But as I hear you describe at maybe 10 years, 11 years in—however long I've been in now—the cynicism has somewhat seeped in, although I still have hope. But I feel like what you're saying is considered a luxury. It's not something that's considered seriously; I feel like people talk about it, and like in your case, they hope for it. But in practice, it's a luxury, that when you're managing public funds, can you afford to even implement?

Natalie
So sorry, I apologize, but I feel a massive rant coming on: So I apologize for taking the floor here for a second, but I obviously I can't disagree with anything you're saying on that. And I really feel like our classification system—

Valeria
Slash caste system.

Natalie
Can't disagree with that either.

Okay, I'm going to put a positive slant on it today: I don't want to fall into the cynicism. Really that's where our opportunities lie: we need to find a way so that we can value and promote people who are subject matter experts. We need to find a way to value and foster people who have the competencies and skill sets to be people managers.

Valeria 
Sorry, I'm gonna interrupt your rant for a second: how do we do that? Because as I was hearing both of you speak, what I can't help but think is, one of the things that has always troubled me about HR and government is the lack of flexibility. The perceived need to over—how do you say it? It's like mass-production of HR, where people have lost all common sense of why they're doing things. And the little things that they just don't question. And I appreciate all the work you're doing, Jodi, I really do. And I think it's absolutely valuable. For me, I want it to be more of a contagion effect; how do we get it more? How do we get the message across more? How do we shift that mindset en masse?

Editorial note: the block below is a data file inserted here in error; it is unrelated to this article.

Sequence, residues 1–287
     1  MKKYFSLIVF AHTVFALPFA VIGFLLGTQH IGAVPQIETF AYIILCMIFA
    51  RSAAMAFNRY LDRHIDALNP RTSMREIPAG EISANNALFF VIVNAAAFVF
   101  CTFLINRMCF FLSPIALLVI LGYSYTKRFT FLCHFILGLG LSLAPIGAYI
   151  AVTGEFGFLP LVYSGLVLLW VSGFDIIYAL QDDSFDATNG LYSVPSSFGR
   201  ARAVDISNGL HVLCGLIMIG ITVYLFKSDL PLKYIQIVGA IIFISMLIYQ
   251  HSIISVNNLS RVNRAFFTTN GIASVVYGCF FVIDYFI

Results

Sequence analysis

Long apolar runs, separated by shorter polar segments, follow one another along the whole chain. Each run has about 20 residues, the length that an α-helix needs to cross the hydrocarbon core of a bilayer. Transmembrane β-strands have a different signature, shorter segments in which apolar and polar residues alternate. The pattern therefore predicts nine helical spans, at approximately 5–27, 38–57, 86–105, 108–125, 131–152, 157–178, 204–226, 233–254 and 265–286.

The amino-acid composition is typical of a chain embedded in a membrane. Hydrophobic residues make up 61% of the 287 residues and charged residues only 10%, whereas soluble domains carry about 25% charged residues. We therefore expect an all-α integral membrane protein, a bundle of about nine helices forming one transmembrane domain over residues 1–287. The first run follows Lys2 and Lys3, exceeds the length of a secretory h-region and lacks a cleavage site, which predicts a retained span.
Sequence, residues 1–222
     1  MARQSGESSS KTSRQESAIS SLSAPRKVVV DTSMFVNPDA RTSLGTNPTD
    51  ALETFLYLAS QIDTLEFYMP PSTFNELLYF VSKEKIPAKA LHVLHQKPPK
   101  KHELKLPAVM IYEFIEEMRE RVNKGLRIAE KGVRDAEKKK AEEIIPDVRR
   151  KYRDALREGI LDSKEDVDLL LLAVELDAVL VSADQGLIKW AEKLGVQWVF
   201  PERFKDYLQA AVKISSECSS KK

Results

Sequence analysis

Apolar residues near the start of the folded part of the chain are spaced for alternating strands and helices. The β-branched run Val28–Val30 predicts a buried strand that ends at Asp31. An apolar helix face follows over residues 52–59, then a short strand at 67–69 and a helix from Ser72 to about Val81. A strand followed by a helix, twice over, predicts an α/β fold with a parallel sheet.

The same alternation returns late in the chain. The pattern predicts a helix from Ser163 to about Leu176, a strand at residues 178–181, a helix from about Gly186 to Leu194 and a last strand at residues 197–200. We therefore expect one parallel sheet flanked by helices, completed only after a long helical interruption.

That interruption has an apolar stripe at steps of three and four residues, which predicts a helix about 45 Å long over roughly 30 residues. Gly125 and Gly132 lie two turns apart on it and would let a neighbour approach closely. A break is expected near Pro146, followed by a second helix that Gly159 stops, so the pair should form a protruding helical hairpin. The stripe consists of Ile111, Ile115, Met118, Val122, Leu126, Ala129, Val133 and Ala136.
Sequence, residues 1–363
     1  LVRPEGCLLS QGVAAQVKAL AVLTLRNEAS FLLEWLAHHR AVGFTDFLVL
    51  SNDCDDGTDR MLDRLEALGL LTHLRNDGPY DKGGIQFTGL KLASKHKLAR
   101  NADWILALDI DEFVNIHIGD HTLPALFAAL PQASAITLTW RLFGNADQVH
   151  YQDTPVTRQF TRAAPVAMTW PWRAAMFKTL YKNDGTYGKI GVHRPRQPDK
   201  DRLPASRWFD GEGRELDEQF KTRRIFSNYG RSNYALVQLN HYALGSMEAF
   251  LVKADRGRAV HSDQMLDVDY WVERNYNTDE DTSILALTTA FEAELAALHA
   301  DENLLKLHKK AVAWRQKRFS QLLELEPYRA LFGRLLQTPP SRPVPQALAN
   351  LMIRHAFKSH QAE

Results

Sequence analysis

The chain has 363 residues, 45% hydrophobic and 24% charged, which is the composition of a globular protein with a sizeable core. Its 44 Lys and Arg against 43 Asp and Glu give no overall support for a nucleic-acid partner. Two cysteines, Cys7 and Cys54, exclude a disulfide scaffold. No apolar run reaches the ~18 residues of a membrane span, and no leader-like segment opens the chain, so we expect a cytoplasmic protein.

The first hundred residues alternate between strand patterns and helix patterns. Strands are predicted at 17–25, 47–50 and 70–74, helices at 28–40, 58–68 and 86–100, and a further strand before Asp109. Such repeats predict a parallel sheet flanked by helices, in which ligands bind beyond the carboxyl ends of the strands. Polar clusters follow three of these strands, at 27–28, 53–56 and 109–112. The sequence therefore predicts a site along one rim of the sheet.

Jody
I think it's happening. I'll be honest with you, Valeria, I do think part of it is that HR, even outside of the federal government and some HR groups, I think in an identity crisis. I think when you look at some ways we talk about ourselves, we're self-deprecating. I even spoke at a session and it was called 'Disrupt HR.' And then another one that's the common term that we hear all the time: hacking HR. And I joked about something, I think I tweeted about it, in which I said, "I'm HR, because I'm human. So I am a resource. And it just so happens that I'm obsessed with everything to do with human resources as a concept or a construct. But I don't want to be hacked; I'd like to be enhanced, I'd like to develop, I'd like to evolve, I'd like to innovate myself." And I think that there are pockets of folks that are formally in HR that are doing that. So I think part of it is almost like rebranding and marketing. I also think that, to add to what Nat was saying, there definitely are current constructs and disciplines that exist that could be tweaked and modified, like the classification system.

So that's one way to look at it. And I think the other way is the actual deliverable of doing it: so, if we do change the classification system or something happens where we re-jig something, then the actual execution, which then lies back with managers and employees, needs to actually happen. We got to own it and try it, and whether that means taking a risk, then do it because it's worth it. It's worth it at the end, because— the studies are out there. Whatever metrics we're using to support the change, use that as part of the persuasion to at least try it.